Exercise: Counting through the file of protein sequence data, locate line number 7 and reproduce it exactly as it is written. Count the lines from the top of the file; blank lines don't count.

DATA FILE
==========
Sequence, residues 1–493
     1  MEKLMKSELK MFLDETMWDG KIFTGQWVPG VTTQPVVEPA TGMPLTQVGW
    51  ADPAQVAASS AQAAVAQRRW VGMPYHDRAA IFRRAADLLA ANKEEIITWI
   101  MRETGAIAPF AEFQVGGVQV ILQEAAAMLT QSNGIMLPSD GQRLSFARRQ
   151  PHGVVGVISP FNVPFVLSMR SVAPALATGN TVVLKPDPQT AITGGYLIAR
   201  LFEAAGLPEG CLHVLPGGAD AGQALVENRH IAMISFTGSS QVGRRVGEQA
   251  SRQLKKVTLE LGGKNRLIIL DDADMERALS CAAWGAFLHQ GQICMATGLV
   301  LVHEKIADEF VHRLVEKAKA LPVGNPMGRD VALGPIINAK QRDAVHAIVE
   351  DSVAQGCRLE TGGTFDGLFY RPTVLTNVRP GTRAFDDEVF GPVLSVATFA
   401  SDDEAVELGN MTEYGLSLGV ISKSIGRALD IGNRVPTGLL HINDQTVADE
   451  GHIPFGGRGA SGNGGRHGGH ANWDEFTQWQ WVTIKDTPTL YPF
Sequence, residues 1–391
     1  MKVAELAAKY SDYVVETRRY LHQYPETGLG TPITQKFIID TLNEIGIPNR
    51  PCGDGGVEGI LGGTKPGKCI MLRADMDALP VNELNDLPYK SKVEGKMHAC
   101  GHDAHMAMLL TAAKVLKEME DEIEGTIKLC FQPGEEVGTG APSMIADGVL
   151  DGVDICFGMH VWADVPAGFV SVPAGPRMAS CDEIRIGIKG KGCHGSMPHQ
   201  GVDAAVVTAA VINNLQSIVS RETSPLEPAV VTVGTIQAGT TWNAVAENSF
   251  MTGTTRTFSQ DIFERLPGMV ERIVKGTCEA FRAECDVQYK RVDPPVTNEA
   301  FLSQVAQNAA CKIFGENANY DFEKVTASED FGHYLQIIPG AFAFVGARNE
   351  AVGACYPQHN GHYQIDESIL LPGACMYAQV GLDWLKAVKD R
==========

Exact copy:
   251  SRQLKKVTLE LGGKNRLIIL DDADMERALS CAAWGAFLHQ GQICMATGLV